580 F.2d 859 (5th Cir. 1978), 76-2300, Rosanova v. Playboy Enterprises, Inc.
|Citation:||580 F.2d 859|
|Party Name:||Louis F. ROSANOVA, Plaintiff-Appellant, v. PLAYBOY ENTERPRISES, INC., Defendant-Appellee.|
|Case Date:||September 25, 1978|
|Court:||United States Courts of Appeals, Court of Appeals for the Fifth Circuit|
Reginald C. Haupt, Jr., Savannah, Ga., for plaintiff-appellant.
Walter C. Hartridge, Savannah, Ga., Michael L. Shakman, Chicago, Ill., for defendant-appellee.
Appeal from the United States District Court for the Southern District of Georgia.
Before COLEMAN, HILL, and RUBIN, Circuit Judges.
JAMES C. HILL, Circuit Judge:
This diversity case involves a charge of libel against Playboy Enterprises, Inc. on the basis of an article in Playboy Magazine which referred to Mr. Rosanova as a "mobster." The district court opinion 1 outlines the development of the applicable law in the area of defamation and First Amendment rights, as well as setting out in detail the facts of the case. After extensive discovery by both sides, Playboy moved for summary judgment. This appeal is from the district court's grant of summary judgment in the defendant's favor. The issues on appeal are (1) whether the district court was correct in concluding that the plaintiff is a public figure for purposes of this suit, and, if so, (2) whether the district court was correct in concluding, from the record, that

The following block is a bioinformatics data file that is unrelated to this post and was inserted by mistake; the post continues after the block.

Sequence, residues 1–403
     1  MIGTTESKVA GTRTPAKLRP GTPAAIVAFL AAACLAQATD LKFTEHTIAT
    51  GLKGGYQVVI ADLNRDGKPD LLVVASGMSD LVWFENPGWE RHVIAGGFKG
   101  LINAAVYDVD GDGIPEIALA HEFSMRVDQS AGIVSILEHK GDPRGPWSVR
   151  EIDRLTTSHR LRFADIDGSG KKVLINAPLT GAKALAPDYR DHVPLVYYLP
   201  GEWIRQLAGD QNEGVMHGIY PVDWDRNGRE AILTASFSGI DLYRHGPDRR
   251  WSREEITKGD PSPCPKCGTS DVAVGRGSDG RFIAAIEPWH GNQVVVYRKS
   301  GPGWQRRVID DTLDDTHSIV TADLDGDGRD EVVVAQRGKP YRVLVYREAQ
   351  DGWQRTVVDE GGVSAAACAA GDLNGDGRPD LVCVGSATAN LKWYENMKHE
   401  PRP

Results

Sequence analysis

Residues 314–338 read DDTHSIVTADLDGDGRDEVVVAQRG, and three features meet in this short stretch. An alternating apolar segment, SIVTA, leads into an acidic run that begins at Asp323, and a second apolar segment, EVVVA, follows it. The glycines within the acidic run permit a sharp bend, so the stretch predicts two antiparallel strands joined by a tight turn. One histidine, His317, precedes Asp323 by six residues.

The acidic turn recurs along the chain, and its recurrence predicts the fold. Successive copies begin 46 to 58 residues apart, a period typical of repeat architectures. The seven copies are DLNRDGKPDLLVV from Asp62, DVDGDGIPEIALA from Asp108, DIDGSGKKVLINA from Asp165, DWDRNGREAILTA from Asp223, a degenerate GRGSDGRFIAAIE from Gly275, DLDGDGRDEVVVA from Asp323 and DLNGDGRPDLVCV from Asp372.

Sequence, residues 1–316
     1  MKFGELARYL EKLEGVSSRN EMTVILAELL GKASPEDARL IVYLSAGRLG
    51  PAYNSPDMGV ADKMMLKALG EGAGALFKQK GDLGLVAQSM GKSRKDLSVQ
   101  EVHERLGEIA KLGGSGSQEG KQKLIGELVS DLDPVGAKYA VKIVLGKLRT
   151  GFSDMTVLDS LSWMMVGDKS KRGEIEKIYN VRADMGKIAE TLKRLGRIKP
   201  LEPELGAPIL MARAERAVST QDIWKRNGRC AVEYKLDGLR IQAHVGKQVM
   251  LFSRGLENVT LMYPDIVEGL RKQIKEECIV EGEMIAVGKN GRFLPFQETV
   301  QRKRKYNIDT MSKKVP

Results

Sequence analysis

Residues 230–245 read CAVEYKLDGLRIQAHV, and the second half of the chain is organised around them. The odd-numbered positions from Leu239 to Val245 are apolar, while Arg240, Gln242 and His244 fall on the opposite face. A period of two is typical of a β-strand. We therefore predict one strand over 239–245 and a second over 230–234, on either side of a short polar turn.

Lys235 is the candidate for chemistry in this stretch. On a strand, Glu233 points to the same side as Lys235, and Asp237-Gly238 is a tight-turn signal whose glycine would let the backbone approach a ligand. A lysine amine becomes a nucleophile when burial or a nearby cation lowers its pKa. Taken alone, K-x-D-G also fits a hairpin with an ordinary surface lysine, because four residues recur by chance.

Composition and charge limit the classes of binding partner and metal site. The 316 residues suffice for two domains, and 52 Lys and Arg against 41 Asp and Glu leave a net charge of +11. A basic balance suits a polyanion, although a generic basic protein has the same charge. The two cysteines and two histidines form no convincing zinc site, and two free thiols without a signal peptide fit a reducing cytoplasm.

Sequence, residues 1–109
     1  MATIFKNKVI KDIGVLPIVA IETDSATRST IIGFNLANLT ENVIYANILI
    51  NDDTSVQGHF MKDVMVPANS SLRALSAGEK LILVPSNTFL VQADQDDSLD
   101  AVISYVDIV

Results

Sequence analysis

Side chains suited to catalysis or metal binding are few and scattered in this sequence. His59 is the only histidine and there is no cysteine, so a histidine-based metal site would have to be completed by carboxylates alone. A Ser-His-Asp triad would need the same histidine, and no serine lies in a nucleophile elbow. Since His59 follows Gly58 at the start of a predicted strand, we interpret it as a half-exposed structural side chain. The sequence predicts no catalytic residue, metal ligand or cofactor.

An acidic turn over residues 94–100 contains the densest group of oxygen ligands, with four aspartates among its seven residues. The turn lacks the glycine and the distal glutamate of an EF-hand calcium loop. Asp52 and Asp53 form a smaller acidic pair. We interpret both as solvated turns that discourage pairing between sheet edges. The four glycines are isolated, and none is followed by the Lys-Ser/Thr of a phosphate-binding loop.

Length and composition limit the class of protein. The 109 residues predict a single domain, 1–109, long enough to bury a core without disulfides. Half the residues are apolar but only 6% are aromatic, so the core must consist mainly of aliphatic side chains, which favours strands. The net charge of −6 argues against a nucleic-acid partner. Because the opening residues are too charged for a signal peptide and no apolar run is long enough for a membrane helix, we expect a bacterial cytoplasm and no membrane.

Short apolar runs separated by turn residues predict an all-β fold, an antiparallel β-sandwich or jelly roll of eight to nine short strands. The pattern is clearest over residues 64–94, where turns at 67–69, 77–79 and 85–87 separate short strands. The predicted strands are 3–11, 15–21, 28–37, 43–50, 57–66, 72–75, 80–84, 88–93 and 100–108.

there was no actual malice on the part of the defendant.
The district court was correct in recognizing Mr. Rosanova as a public figure under Gertz v. Robert Welch, Inc., 418 U.S. 323, 94 S.Ct. 2997, 41 L.Ed.2d 789 (1974), and Time, Inc. v. Firestone, 424 U.S. 448, 96 S.Ct. 958, 47 L.Ed.2d 154 (1976), for purposes of this suit. Although the public figure concept has eluded a truly working definition, 2 it falls within that class of legal abstractions where "I know it when I see it," in Mr. Justice Stewart's words. See Jacobellis v. Ohio, 378 U.S. 184, 197, 84 S.Ct. 1676, 12 L.Ed.2d 793 (1964) (Stewart, J., concurring).
There is no dispute that appellant has been the subject of published newspaper and other media reports of his activities. The nature of his reported associations and activities concerning organized crime, are, without dispute, subjects of legitimate public concern. 3 While appellant never disputed that he has associated with various personalities who appear, themselves, to be subjects of widespread media reports, he seeks to dispute the accuracy of prior published characterizations of himself and descriptions of his associates.
In short, appellant does not proffer proof disputing...
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